Photobiology of sea ice algae during initial spring growth in Kangerlussuaq, West Greenland

Insights from imaging variable chlorophyll fluorescence of ice cores

Ian Hawes, Lars Chresten Lund-Hansen, Brian Keith Sorrell, Morten Holtegaard Nielsen, Réka Borzák, Inge Buss

Research output: Contribution to journalJournal articleResearchpeer-review

Abstract

We undertook a series of measurements of photophysiological parameters of sea ice algae over 12 days of early spring growth in a West Greenland Fjord, by variable chlorophyll fluorescence imaging. Imaging of the ice–water interface showed the development of ice algae in 0.3–0.4 mm wide brine channels between laminar ice crystals in the lower 4–6 mm of the ice, with a several-fold spatial variation in inferred biomass on cm scales. The maximum quantum yield of photosynthesis, Fv/Fm, was initially low (~0.1), though this increased rapidly to ~0.5 by day 6. Day 6 also saw the onset of biomass increase, the cessation of ice growth and the time at which brine had reached −2 °C. We interpret this as indicating that the establishment of stable brine channels at close to ambient salinity was required to trigger photosynthetically active populations. Maximum relative electron transport rate (rETRmax), saturation irradiance (Ek) and photosynthetic efficiency (α) had also stabilised by day 6 at 5–6 relative units, ~30 μmol photons m−2 s−1 and 0.4–0.5 μmol photons m−2 s−1, respectively. Ek was consistent with under-ice irradiance, which peaked at a similar value, confirming that daytime irradiance was adequate to facilitate photosynthetic activity throughout the study period. Photosynthetic parameters showed no substantial differences with depth within the ice, nor variation between cores or brine channels suggesting that during this early phase of ice algal growth cells were unaffected by gradients of environmental conditions within the ice. Variable chlorophyll fluorescence imaging offers a tool to determine how this situation may change over time and as brine channels and algal populations evolve.

Original languageEnglish
JournalPhotosynthesis Research
Volume112
Issue number2
Pages (from-to)103-115
ISSN0166-8595
DOIs
Publication statusPublished - 2012

Keywords

  • Photosynthesis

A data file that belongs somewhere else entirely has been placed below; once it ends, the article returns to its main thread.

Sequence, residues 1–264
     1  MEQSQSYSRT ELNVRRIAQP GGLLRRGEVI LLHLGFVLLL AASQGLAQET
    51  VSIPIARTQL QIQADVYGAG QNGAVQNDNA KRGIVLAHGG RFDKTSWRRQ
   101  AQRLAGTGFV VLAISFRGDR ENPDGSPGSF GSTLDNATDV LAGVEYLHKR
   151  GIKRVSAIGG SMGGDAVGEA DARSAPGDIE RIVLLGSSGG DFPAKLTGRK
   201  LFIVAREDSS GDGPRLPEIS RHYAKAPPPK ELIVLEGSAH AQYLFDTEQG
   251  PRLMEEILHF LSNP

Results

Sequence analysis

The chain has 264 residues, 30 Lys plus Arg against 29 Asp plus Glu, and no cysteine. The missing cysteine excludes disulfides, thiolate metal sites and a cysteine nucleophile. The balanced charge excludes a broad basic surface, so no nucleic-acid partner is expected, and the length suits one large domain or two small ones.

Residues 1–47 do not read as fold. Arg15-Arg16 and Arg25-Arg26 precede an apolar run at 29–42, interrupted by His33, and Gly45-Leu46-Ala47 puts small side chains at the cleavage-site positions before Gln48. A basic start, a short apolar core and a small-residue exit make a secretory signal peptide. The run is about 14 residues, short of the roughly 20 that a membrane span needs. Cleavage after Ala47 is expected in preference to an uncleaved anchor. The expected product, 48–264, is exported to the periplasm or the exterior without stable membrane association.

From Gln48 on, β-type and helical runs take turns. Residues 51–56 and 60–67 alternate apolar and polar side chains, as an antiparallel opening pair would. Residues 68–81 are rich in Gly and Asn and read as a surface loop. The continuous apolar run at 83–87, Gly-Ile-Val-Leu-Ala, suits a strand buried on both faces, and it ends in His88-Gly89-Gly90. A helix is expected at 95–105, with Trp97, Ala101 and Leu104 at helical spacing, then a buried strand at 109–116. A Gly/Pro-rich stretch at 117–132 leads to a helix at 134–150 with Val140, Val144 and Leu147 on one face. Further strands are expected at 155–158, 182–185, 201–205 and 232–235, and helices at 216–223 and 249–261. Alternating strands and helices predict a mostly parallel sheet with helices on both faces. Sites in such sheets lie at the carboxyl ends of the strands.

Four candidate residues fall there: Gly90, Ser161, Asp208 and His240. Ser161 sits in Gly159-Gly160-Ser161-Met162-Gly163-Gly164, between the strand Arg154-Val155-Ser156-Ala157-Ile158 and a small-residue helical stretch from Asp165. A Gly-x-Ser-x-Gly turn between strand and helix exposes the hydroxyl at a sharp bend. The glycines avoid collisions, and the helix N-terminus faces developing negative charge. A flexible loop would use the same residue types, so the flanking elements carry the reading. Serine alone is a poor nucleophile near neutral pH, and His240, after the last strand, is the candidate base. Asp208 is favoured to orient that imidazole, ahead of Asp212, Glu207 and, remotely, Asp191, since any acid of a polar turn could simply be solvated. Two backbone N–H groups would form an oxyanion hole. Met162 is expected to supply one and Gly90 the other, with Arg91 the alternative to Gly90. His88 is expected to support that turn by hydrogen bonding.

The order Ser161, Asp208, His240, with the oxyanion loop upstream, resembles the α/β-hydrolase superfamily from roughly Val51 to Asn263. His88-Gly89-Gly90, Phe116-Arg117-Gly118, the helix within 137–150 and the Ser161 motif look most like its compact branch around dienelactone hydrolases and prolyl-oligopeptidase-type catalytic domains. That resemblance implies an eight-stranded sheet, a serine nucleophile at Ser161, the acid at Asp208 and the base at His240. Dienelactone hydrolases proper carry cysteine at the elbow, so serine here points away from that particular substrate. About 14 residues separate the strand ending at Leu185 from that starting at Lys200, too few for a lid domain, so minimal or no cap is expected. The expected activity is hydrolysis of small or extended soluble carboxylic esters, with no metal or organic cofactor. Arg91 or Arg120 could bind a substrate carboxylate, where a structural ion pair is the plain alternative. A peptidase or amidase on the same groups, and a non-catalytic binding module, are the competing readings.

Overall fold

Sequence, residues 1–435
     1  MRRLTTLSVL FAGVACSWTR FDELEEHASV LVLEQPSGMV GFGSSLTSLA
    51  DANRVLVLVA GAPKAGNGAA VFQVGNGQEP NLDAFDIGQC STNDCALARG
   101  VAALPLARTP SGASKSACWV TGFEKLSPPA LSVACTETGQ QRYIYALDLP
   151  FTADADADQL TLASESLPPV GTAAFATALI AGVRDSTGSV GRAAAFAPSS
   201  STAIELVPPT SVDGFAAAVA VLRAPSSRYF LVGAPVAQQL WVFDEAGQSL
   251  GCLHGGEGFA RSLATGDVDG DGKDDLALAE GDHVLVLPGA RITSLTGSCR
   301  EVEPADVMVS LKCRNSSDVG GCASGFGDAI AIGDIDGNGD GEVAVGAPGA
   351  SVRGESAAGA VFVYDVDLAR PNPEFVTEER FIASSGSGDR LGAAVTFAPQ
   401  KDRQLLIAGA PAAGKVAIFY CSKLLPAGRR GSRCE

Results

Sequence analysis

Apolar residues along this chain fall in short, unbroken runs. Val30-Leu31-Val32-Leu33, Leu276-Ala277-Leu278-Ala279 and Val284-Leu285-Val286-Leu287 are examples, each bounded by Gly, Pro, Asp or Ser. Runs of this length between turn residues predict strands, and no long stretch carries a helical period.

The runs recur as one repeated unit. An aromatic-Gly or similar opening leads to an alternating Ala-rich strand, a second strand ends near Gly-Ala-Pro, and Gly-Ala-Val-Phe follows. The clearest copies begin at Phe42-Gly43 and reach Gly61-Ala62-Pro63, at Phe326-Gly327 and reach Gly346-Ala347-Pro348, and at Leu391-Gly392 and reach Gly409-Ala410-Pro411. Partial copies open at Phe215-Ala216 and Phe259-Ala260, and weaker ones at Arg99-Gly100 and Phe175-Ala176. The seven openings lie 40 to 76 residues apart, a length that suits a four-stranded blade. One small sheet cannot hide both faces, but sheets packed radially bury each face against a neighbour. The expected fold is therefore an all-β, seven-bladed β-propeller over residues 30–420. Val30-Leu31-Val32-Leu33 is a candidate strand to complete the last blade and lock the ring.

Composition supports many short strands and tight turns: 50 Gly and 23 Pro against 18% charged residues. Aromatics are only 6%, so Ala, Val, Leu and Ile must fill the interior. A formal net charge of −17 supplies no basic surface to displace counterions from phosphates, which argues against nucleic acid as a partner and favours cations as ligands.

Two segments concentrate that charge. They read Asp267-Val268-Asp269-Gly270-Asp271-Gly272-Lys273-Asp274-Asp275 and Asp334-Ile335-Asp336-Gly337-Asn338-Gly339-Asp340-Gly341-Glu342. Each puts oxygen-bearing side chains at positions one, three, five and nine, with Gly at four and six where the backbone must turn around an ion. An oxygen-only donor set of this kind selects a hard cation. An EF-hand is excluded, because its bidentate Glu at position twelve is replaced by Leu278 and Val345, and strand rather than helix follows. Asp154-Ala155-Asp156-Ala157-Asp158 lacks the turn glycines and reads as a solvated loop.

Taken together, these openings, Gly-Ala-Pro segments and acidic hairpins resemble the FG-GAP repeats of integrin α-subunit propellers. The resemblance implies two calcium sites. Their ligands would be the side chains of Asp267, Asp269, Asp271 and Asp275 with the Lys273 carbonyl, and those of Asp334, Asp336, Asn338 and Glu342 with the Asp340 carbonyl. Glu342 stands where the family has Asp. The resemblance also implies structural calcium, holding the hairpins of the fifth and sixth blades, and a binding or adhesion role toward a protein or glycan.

• Diatoms
  • Sea ice
  • Spring bloom
  • Photophysiology
  • Fluorescence
  • Electron transport

Cite this

Hawes, Ian ; Lund-Hansen, Lars Chresten ; Sorrell, Brian Keith ; Nielsen, Morten Holtegaard ; Borzák, Réka ; Buss, Inge. / Photobiology of sea ice algae during initial spring growth in Kangerlussuaq, West Greenland : Insights from imaging variable chlorophyll fluorescence of ice cores. In: Photosynthesis Research. 2012 ; Vol. 112, No. 2. pp. 103-115.
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abstract = "We undertook a series of measurements of photophysiological parameters of sea ice algae over 12 days of early spring growth in a West Greenland Fjord, by variable chlorophyll fluorescence imaging. Imaging of the ice–water interface showed the development of ice algae in 0.3–0.4 mm wide brine channels between laminar ice crystals in the lower 4–6 mm of the ice, with a several-fold spatial variation in inferred biomass on cm scales. The maximum quantum yield of photosynthesis, Fv/Fm, was initially low (~0.1), though this increased rapidly to ~0.5 by day 6. Day 6 also saw the onset of biomass increase, the cessation of ice growth and the time at which brine had reached −2 °C. We interpret this as indicating that the establishment of stable brine channels at close to ambient salinity was required to trigger photosynthetically active populations. Maximum relative electron transport rate (rETRmax), saturation irradiance (Ek) and photosynthetic efficiency (α) had also stabilised by day 6 at 5–6 relative units, ~30 μmol photons m−2 s−1 and 0.4–0.5 μmol photons m−2 s−1, respectively. Ek was consistent with under-ice irradiance, which peaked at a similar value, confirming that daytime irradiance was adequate to facilitate photosynthetic activity throughout the study period. Photosynthetic parameters showed no substantial differences with depth within the ice, nor variation between cores or brine channels suggesting that during this early phase of ice algal growth cells were unaffected by gradients of environmental conditions within the ice. Variable chlorophyll fluorescence imaging offers a tool to determine how this situation may change over time and as brine channels and algal populations evolve.",
keywords = "Photosynthesis, Diatoms, Sea ice, Spring bloom, Photophysiology, Fluorescence, Electron transport",
author = "Ian Hawes and Lund-Hansen, {Lars Chresten} and Sorrell, {Brian Keith} and Nielsen, {Morten Holtegaard} and R{\'e}ka Borz{\'a}k and Inge Buss",
year = "2012",
doi = "10.1007/s11120-012-9736-7",